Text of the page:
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In computer science, shadow paging is a technique for providing atomicity and durability (two of the ACID properties) in database systems. A page in this context refers to a unit of physical storage (probably on a hard disk), typically of the order of 1 to 64 KiB.
Shadow paging is a copy-on-write technique for avoiding in-place updates of pages. Instead, when a page is to be modified, a shadow page is allocated. Since the shadow page has no references (from other pages on disk), it can be modified liberally, without concern for consistency constraints, etc. When the page is ready to become durable, all pages that referred to the original are updated to refer to the new replacement page instead. Because the page is "activated" only when it is ready, it is atomic.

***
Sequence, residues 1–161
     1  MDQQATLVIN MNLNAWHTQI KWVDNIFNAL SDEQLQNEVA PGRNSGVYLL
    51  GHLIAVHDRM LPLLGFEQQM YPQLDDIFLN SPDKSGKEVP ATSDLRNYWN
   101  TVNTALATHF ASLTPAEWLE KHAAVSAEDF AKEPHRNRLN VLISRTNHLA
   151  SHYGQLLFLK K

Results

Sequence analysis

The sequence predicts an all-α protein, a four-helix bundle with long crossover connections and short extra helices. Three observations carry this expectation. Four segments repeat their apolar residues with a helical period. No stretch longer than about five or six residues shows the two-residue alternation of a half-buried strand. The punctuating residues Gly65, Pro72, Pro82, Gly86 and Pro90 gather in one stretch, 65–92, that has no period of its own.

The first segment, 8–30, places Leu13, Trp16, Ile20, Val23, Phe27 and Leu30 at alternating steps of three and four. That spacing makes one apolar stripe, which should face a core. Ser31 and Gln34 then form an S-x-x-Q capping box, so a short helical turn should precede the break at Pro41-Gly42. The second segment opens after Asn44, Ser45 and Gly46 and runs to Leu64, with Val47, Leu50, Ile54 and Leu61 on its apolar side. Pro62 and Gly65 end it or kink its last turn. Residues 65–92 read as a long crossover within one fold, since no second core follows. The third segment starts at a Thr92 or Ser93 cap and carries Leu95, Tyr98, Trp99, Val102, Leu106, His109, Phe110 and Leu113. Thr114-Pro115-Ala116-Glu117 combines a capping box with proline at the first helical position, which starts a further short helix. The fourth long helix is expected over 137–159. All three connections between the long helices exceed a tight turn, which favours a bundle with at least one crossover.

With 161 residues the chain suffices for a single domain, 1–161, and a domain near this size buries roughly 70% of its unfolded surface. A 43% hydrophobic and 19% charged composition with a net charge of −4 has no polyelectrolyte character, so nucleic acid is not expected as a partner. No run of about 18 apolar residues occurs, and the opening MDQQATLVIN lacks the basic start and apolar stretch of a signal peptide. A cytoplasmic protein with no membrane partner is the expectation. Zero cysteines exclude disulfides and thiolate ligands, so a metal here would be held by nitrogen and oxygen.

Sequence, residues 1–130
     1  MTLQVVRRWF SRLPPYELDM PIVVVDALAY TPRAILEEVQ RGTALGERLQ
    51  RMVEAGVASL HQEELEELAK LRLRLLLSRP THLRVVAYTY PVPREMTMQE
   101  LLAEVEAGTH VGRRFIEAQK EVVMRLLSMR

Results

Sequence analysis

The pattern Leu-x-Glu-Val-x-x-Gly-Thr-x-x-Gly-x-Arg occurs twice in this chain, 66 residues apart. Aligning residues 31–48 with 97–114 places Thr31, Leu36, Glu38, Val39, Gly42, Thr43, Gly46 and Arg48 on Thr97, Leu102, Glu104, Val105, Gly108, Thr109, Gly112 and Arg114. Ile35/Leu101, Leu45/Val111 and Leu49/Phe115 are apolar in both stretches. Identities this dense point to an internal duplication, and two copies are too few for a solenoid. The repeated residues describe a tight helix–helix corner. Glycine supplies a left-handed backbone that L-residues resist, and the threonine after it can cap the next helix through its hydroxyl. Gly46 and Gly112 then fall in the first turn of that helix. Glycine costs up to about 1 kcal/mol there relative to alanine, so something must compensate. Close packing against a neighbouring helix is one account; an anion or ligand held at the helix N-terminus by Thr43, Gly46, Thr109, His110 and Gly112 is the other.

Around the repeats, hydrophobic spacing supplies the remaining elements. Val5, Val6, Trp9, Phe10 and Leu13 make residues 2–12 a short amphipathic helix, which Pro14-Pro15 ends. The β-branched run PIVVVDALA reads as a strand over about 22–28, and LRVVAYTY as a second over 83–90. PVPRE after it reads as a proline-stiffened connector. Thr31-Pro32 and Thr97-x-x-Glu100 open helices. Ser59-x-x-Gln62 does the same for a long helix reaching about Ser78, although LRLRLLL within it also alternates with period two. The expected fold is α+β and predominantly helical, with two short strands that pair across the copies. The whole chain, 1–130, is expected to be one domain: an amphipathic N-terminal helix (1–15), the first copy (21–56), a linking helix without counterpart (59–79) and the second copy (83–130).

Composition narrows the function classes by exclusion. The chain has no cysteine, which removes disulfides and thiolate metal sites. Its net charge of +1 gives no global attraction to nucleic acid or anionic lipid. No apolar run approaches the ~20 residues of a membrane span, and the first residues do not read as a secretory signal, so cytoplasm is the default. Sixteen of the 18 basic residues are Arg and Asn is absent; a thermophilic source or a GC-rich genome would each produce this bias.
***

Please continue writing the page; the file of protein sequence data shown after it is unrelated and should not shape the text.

If the referring pages must also be updated via shadow paging, this procedure may recurse many times, becoming quite costly. One solution, employed by the Write Anywhere File Layout (WAFL) file system is to be lazy about making pages durable (i.e., write-behind caching). This increases performance significantly by avoiding many writes on hotspots high up in the referential hierarchy (e.g., a file system superblock) at the cost of high commit latency.
Shadow paging is similar to the old master–new master batch processing technique used in mainframe database systems. In these systems, the output of each batch run (possibly a day's work) was written to two separate disks or other form of storage medium. One was kept for backup, and the other was used as the starting point for the next day's work.
Shadow paging is also similar to purely functional data structures, in that in-place updates are avoided.
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